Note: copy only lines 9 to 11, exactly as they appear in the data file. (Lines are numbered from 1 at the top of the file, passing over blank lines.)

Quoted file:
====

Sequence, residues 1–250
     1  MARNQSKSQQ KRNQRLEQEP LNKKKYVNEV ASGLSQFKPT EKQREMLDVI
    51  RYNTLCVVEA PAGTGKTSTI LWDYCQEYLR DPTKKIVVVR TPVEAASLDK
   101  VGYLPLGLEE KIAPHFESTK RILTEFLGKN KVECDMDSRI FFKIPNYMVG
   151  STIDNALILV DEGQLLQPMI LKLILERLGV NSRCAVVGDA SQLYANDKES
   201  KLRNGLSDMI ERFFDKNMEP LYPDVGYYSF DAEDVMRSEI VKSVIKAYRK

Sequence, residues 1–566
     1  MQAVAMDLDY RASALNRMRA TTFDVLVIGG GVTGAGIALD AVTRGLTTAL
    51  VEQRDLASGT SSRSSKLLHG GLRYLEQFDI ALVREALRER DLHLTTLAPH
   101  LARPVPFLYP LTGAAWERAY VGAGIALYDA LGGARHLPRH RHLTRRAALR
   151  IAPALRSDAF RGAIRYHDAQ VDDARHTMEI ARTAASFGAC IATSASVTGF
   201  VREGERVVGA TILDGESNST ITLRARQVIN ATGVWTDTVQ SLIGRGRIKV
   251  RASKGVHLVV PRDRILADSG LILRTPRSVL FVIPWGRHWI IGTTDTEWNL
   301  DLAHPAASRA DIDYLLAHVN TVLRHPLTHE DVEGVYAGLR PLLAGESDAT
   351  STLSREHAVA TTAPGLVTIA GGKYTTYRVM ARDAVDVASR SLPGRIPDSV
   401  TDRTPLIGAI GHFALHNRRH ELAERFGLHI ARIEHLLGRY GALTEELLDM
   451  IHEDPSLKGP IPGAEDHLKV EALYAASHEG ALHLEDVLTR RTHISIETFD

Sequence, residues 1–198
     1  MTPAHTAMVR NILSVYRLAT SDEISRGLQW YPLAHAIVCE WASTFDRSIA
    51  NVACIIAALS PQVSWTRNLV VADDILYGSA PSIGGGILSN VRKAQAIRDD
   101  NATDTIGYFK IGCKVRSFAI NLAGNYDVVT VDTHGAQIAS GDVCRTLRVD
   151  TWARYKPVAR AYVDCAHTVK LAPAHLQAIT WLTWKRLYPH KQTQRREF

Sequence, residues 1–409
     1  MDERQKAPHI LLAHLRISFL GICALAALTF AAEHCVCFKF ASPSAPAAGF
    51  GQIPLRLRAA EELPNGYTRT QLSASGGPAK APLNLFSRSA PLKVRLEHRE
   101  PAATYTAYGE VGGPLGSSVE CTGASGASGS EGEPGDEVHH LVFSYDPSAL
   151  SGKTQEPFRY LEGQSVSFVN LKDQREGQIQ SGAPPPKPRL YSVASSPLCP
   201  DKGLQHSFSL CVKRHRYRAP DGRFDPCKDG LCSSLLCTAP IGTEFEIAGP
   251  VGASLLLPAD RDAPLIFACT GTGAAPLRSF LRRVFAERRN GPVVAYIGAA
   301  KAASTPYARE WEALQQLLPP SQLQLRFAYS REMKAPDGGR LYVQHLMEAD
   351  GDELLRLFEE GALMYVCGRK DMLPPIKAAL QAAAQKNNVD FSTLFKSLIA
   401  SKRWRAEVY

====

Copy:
    51  VEQRDLASGT SSRSSKLLHG GLRYLEQFDI ALVREALRER DLHLTTLAPH
   101  LARPVPFLYP LTGAAWERAY VGAGIALYDA LGGARHLPRH RHLTRRAALR
   151  IAPALRSDAF RGAIRYHDAQ VDDARHTMEI ARTAASFGAC IATSASVTGF